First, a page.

Home price gains in metro Denver are rising at a double-digit pace this year after taking a breather in 2017, pushing the average price of a single-family home sold in February above $500,000 for the first time, according to the Denver Metro Association of Realtors.
“We have never been above $500,000,” said Steve Danyliw, chairman of the DMAR market trends committee and a Denver Realtor. “It is a psychological barrier, especially for some of our younger buyers.”
The average price of a single-family home sold in metro Denver reached $502,986 in February, up 2.5 percent from January and 11.8 percent from February 2017.
By contrast, the income gains needed to support higher prices are running just under 3 percent in Colorado.
There were a few signs in the latest numbers, however, that the increases may not continue at such a blistering pace. Inventory has inched up as more new listings arrived and sales slowed, in part because of rising mortgage interest rates.
Average rates on a 30-year mortgage have moved from 3.9 percent at the start of the year to 4.43 percent as of March 1, according to a weekly survey from Freddie Mac.
A 0.5 percentage point move in mortgage rates adds $117 a month to the price of a $500,000 home with 20 percent down, Danyilw said. If rates go up a full percentage point, closer to 5 percent, then a buyer would be paying $237 a month more.
That rapid move in rates, however, didn’t dampen home price increases, probably because many buyers had locked in lower rates, something lenders will offer for 30 to 90 days out.
If those buyers don’t find a property before the rate lock expires, they will be pushed back into a market charging around 4.5 percent. In that regard, the housing market could be heating up before it cools down.
The inventory and sales numbers would seem to support that view. But a counter argument is that so few affordable homes are available, desperate buyers will keep pushing the market higher until they reach the point of financial exhaustion.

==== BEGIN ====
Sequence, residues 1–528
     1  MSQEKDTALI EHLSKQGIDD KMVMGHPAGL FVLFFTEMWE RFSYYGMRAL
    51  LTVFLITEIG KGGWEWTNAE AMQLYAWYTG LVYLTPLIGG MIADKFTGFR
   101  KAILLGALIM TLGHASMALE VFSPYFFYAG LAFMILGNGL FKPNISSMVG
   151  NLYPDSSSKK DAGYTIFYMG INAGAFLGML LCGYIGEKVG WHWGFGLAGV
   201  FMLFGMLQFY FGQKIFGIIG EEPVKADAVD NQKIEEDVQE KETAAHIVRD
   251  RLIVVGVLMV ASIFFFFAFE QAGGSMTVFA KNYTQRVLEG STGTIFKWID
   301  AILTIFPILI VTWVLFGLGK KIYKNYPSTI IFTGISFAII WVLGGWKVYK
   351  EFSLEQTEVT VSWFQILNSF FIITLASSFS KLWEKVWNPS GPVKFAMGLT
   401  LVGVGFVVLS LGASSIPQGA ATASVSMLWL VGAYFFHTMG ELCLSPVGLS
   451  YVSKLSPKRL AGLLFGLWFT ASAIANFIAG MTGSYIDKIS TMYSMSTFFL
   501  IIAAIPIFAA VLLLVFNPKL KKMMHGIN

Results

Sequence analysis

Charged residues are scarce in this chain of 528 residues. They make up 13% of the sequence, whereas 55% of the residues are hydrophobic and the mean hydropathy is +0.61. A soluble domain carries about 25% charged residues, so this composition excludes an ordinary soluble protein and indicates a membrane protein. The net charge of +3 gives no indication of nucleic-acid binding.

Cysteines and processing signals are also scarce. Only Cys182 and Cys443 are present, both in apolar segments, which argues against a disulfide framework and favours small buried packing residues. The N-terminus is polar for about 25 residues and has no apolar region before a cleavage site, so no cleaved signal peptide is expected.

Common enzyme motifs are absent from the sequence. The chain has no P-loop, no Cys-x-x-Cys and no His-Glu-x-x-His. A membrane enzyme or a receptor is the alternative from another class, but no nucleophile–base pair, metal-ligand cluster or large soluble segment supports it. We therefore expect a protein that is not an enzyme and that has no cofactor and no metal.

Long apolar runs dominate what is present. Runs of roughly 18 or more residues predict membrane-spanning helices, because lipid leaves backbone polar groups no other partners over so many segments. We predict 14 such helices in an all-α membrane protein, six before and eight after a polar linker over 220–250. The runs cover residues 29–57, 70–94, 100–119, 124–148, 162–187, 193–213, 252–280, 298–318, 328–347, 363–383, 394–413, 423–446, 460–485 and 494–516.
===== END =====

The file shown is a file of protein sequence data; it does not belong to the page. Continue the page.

“Everyone is afraid if they don’t buy something now, next year it will be worse. That could be causing it, the sense that we need to buy now,” said Heather Dos Santos, a broker with Kidder Plus Real Estate who works in the northern metro market.
Dos Santos said she visited a home that listed in Westminster on Saturday for $259,000, a hard-to-find bargain nowadays. Although there was no formal open house, a steady stream of agents and buyers moved in and out on Saturday.
“It got out of control. Everybody had the lock box code. People were coming and going,” she said.
Her client, an investor, noticed costly foundation problems and passed. But by Monday, after about 45 viewings, a buyer had the home under contract.
The number of single-family homes available to buy at the end of February rose 6.8 percent from January to 3,015, while the inventory of condos for sale rose 2.3 percent to 1,069, according to the counts from DMAR.
Those increases reflect more new listings and a drop in sales. Sellers listed 4,638 homes in February, an increase of 10.9 percent from January. Normally, February sees a 6.8 percent jump in new listings from the prior month.
“These new listings may be ‘fence-sitters’ jumping in as concerns of increasing interest rates mount,” Danyliw said.
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The number of listings that sold last month is down 2.8 percent from January and 9.2 percent from February 2017.
Danyilw said the peak selling season, which starts this month and goes into June and July, should test whether the region’s housing market can maintain its momentum in the face of higher interest rates and higher prices.
“Realistically, the mortgage interest rate will start playing a heavier and heavier role as the spring and summer go on,” Danilyw predicted.
The average price isn’t the only price measure used by market watchers. In any given month, the mix of homes sold can skew the average price. Metro Denver saw 102 properties priced at $1 million or more sell in February versus only 65 in February of 2017, Danyilw said.
Real estate experts tend to prefer the median price, or the point where half the homes sold for more, and half for less. For homes and condos, that reached $400,000 in February, up 3.9 percent from January and 12 percent from a year earlier and also a record high.